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582. "London."

As this spirited imitation of Juvenal forms an epoch in our author's literary life, and is one of his best poetical productions, I shall consider it as introductory to an uninterrupted consideration of his compositions in this branch, and to a discussion of his general character as a poet; and this plan I shall pursue with regard to the other numerous departments of literature in which he excelled, and according to the order in which the first in merit of a class shall in succession rise to view; persuaded that, by this mode, the monotony arising from a stricter chronological detail of his various writings, the arrangement hitherto adopted by his biographers, may, in a great measure, be obviated.

Of the three imitators of the third satire of the Roman poet, Boileau, Oldham, and Johnson, the latter is, by many degrees, the most vigorous and poetical. No man, indeed, was better calculated to transfuse the stern invective, the sublime philosophy, and nervous painting of Juvenal, than our author; and his " London," whilst it rivals the original in these respects, is, at the same time, greatly superior to it in purity of illustration, and harmony of versification. The felicity with which he

(1) [From "Essays, critical and historical, illustrative of the Rambler, Adventurer, and Idler:" by Nathan Drake, M. D. Part II. "The Literary Life of Dr. Johnson." 2 vols. 1806.]

has adapted the imagery and allusions of the Latin poem to modern manners, vices, and events; and the richness and depth of thought which he exhibits when the hint is merely taken from the Roman bard, or when he chooses altogether to desert him, are such as to render this satire the noblest moral poem in our language.

At the period when Johnson wrote his "London ('),” he must, from his peculiar circumstances, have been prone to imbibe all the warmth and indignation of the ancient satirist, who depicts in the boldest colours the unmerited treatment to which indigence is subjected, and the multiform oppressions arising from tyranny and ill-acquired wealth. He was indeed, at this time, "steeped up to the lips in poverty," and was likewise a zealous opponent of what he deemed a corrupt administration. It is impossible to read the following passage, one of the finest in the poem, and especially its concluding line, which the author distinguished by CAPITALS, without deeply entering into, and severely sympathising with, the feelings and sufferings of the writer:

"By numbers here from shame or censure free,
All crimes are safe but hated poverty:

This, only this, the rigid law pursues,
This, only this, provokes the snarling muse.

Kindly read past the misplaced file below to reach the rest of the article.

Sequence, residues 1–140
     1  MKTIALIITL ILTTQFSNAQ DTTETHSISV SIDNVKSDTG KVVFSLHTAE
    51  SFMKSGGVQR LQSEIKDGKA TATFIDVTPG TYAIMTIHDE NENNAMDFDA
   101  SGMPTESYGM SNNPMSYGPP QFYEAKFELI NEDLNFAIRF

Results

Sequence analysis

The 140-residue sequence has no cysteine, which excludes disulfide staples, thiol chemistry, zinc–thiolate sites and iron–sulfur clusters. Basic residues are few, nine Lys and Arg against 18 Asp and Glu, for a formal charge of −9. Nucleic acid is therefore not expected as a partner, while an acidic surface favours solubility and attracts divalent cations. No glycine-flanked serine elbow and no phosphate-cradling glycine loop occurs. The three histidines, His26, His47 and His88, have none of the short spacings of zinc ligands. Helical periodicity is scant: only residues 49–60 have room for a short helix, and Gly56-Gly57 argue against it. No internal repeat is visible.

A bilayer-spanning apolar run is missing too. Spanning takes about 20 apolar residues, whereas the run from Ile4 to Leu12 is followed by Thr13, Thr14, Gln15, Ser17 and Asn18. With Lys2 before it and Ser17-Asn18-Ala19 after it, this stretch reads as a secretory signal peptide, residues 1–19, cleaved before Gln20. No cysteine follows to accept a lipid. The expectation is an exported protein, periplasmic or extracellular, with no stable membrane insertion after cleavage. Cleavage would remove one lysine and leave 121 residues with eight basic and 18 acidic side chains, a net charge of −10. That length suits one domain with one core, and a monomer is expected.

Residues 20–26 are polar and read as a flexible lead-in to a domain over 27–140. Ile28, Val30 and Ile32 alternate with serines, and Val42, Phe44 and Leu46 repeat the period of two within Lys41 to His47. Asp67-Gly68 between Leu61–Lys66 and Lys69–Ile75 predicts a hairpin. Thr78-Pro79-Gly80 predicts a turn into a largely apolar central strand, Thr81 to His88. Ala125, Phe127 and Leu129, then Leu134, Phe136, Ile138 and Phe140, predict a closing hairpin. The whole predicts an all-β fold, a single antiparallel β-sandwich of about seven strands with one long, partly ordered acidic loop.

The sober trader at a tatter'd cloak

Wakes from his dream, and labours for a joke ;
With brisker air the silken courtiers gaze,
And turn the varied taunt a thousand ways.

"Of all the griefs that harass the distress'd,
Sure the most bitter is a scornful jest ;
Fate never wounds more deep the gen'rous heart,
Than when a blockhead's insult points the dart.

"Has Heaven reserved, in pity to the poor,

No pathless waste, or undiscover'd shore?

(1) [One of the warmest patrons of Johnson's " London," on its first appearance in 1738, was GENERAL OGLETHORPE; and the Doctor, throughout life, gratefully acknowledged the kind and effectual support which he gave to that poem, though totally unacquainted with its author. The accompanying engraving is made from a pen-and-ink sketch, taken February 28th, 1785, by the late Samuel Ireland, while the General was attending the sale of Dr. Johnson's library at Christie's great room in Pall Mall. The original is in the possession of Mr. Upcott. He died in the July following, in his eighty-fifth year.]

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No secret island in the boundless main !
No peaceful desert yet unclaim'd by Spain?
Quick let us rise, the happy seats explore,
And bear oppression's insolence no more.
This mournful truth is every where confess'd,
Slow rises worth, by poverty depress'd."

583. "Vanity of Human Wishes."

The "Vanity of Human Wishes," the subject of which is in a great degree founded on the Alcibiades of Plato, possesses not the point and fire which animate the "London. " It breathes, however, a strain of calm and dignified philosophy, much more pleasing to the mind, and certainly much more consonant to truth, than the party exaggeration of the prior satire. The poet's choice of modern examples, in place of those brought forward by the ancient bard, is happy and judicious; and he has every where availed himself, and in a style the most impressive, of the solemnity, the pathos, and sublime morality of the Christian code.

To enter into competition with the tenth satire of Juvenal, which is, without doubt, the most perfect composition of its author, was a daring and a hazardous attempt. Dryden had led the way, and, though occasionally successful, has failed to equal the general merit of the Latin poem. The imitation of Johnson, on the contrary, may be said to vie with the Roman in every line, and in some instances to surpass the original; particularly in the sketch of Charles, and in the conclusion of the satire, which, though nobly moral as it is in the page of Juvenal, is greatly heightened by the pen of Johnson, and forms one of the finest lessons of piety and resignation discoverable in the words of any uninspired writer. After reprobating the too frequent folly of our wishes and our prayers, it is inquired of the poet, whether we shall upon no occasion implore the mercy of the skies? He replies:

"Inquirer, cease; petitions yet remain,

Which Heaven may hear, nor deem religion vain.
Still raise for good the supplicating voice,

But leave to Heaven the measure and the choice.

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